Where is the best place to meet Australian native animals? In an extinct volcano crater, obviously! Enter, Tower Hill Wildlife Reserve.

Sitting just twenty minutes from the rural city of Warrnambool, the Tower Hill Wildlife Reserve is the perfect place to get to know some of Australia’s best critters. Established as a national park in 1892, the land remained pretty much untouched until 1961 when an extensive revegetation program began. The land is now filled with lush, mature native plants that have seen more and more native animals returning to the area.

The volcano the park sits in is believed to have last erupted 34,000 years ago. Archaeological findings around the area show that Aboriginal people were living here before the last eruption. Today, the Koroitgundidj people still hold strong connections to the land and the park is managed in partnership with the Worn Gundidj Aboriginal Cooperative.

Following the revitalisation project in the 1960s, native animal populations were successfully established in the 1980s. Some of the animal populations include koala, emu, wallaby, possums and over 160 species of birds. These animals can all still be seen today, grazing and flourishing in their re-established native environments.

Walk through the wetlands and listen out for native birds nesting around the water. Or take a trek across the dormant volcanic crater. Today the park is run by volunteers who will share with you the history of the land and how it was severely exploited by settlers for years.

You can guide yourself through the park looking out for wallaby napping in the sun or choose to join a guided tour hosted by local volunteers. In spring the park comes alive with brightly coloured wildflowers and seasonal reptiles.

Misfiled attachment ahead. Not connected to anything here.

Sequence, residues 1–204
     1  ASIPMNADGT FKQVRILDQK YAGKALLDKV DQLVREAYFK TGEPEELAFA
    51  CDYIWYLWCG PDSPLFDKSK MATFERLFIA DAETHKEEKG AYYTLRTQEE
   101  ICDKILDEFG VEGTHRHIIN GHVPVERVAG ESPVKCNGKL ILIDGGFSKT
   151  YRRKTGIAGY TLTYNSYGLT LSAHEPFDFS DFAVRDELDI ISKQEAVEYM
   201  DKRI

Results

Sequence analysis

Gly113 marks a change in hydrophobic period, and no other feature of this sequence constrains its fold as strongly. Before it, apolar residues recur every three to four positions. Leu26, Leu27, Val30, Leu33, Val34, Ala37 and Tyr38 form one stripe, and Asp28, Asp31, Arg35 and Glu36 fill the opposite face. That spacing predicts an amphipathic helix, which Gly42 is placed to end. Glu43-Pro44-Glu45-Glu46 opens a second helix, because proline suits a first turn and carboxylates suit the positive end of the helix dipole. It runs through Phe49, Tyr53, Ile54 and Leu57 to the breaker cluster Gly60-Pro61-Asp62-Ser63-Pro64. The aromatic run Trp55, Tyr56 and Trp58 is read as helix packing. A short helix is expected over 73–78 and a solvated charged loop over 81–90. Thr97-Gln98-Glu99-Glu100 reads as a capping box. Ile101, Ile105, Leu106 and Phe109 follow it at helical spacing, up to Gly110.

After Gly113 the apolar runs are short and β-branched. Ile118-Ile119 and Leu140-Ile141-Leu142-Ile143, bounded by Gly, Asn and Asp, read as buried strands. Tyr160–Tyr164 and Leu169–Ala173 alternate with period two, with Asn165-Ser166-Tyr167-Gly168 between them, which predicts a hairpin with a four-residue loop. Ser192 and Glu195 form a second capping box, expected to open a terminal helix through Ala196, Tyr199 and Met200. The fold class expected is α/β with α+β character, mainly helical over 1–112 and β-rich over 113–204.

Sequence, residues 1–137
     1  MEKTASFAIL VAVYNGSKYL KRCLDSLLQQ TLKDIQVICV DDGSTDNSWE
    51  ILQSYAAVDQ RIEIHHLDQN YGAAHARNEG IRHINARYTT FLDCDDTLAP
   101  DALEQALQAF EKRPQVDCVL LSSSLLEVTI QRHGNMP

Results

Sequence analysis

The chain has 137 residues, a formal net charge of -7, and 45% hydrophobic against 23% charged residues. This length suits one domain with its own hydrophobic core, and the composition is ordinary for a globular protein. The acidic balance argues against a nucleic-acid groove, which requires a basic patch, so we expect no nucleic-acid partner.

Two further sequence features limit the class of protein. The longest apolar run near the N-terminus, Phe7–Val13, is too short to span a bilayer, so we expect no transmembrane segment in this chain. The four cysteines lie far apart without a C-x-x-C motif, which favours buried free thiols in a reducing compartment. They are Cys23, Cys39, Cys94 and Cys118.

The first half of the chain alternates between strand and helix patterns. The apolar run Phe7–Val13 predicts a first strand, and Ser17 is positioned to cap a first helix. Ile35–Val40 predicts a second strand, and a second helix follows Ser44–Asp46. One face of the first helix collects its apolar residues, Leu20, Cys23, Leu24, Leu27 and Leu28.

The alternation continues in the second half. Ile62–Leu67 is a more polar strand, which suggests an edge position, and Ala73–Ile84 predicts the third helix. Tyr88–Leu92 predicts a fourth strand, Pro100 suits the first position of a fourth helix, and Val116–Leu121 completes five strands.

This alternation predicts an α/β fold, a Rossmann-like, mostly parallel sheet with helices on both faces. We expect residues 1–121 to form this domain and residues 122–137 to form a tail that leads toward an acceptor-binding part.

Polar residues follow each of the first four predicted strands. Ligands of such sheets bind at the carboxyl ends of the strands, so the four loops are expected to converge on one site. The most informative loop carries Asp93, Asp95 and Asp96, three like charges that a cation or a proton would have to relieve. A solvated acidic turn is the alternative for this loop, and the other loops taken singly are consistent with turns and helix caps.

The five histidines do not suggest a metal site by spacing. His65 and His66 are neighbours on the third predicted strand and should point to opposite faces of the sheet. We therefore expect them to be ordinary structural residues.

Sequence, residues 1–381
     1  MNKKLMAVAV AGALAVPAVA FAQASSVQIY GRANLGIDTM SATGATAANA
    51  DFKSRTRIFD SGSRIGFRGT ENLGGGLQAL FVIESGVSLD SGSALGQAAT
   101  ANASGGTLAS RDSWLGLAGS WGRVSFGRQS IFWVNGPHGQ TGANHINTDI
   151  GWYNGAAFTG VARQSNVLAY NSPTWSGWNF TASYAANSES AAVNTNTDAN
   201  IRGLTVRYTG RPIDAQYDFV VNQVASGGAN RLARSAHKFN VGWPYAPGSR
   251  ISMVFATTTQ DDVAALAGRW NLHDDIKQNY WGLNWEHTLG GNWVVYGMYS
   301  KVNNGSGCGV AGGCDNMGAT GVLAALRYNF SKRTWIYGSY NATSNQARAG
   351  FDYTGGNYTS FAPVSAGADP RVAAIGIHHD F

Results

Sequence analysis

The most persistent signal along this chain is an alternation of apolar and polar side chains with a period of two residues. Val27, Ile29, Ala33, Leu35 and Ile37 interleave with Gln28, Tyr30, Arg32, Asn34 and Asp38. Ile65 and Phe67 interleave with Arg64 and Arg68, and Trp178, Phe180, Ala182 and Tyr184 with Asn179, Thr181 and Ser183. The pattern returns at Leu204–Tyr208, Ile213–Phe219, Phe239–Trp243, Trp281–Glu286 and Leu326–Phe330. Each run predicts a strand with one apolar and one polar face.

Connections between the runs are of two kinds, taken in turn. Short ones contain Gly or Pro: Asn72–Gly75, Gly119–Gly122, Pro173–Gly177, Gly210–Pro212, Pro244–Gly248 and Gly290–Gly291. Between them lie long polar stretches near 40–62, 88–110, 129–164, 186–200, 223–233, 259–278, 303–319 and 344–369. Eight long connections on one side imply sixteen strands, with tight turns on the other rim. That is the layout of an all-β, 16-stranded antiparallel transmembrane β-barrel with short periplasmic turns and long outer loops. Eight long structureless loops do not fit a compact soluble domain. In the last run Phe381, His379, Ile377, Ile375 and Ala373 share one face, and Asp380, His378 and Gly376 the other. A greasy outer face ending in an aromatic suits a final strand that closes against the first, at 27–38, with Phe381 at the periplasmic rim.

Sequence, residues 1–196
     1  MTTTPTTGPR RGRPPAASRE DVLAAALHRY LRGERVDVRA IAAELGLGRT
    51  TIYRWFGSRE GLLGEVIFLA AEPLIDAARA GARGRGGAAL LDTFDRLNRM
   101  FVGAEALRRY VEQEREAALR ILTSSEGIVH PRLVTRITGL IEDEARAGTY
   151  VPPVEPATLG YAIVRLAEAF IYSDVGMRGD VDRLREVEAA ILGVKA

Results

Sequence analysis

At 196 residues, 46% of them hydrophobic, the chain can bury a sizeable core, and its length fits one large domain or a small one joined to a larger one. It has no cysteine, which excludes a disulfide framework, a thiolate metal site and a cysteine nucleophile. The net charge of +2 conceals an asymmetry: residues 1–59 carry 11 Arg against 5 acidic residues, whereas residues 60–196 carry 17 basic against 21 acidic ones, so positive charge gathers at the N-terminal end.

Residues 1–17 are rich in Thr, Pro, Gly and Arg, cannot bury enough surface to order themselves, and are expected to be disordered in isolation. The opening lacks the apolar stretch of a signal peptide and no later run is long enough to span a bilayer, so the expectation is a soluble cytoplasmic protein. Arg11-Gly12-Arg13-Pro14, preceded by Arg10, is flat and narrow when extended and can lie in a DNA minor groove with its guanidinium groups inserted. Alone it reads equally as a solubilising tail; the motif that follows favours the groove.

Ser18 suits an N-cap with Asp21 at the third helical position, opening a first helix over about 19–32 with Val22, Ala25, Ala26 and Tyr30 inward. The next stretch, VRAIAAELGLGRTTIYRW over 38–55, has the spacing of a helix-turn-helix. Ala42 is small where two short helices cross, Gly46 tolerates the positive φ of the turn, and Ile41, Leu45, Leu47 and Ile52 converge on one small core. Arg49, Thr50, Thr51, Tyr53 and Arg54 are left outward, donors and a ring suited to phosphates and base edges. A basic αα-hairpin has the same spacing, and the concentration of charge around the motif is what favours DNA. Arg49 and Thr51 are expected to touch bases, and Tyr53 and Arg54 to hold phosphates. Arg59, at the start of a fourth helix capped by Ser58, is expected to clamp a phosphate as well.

A trip to the Tower Hill Wildlife Reserve is a rare opportunity to see native Australian wildlife living freely in their natural habitat. There are more than 200 kangaroos and koalas in a small area, and they can generally be found around the car park and entrance to the park.

The park has had a lot of upgrades since it first opened and there are plenty of boardwalks for you to follow around. Nesting boxes and bird hides have been placed around the park so twitchers are sure to see a great abundance of birdlife. Chestnut teals, musk ducks and spoonbills are common around this area, so bring your binoculars and get ready for a show!

There are four self-guided walks for you to choose from, each taking approximately a half-hour to complete. Choose to follow the flat Wagon Bay Loop to see the birdlife enjoying the Wagon Bay Pond or spot koala and echidna among ancient lava flows on the Lava Tongue Boardwalk. Whichever walk you choose you’re sure to fall in love with the stunning Victorian bush.

The Tower Hill Wildlife Reserve is a great pitstop for anyone travelling down the Great Ocean Road. Get up close and personal with Australia’s incredible native wildlife in their natural habitat while taking the opportunity to stretch your legs after a trip down the winding coastline.

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